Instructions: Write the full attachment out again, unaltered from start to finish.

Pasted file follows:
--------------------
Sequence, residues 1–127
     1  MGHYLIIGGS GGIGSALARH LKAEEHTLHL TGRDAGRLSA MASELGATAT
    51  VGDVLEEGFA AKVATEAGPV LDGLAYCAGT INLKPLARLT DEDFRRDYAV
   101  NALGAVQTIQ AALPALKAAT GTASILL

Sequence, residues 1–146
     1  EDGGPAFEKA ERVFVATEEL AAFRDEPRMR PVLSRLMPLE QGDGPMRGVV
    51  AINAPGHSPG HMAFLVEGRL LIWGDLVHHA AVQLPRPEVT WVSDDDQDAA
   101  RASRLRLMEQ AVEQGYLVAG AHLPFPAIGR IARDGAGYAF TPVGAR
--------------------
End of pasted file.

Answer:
Sequence, residues 1–127
     1  MGHYLIIGGS GGIGSALARH LKAEEHTLHL TGRDAGRLSA MASELGATAT
    51  VGDVLEEGFA AKVATEAGPV LDGLAYCAGT INLKPLARLT DEDFRRDYAV
   101  NALGAVQTIQ AALPALKAAT GTASILL

Sequence, residues 1–146
     1  EDGGPAFEKA ERVFVATEEL AAFRDEPRMR PVLSRLMPLE QGDGPMRGVV
    51  AINAPGHSPG HMAFLVEGRL LIWGDLVHHA AVQLPRPEVT WVSDDDQDAA
   101  RASRLRLMEQ AVEQGYLVAG AHLPFPAIGR IARDGAGYAF TPVGAR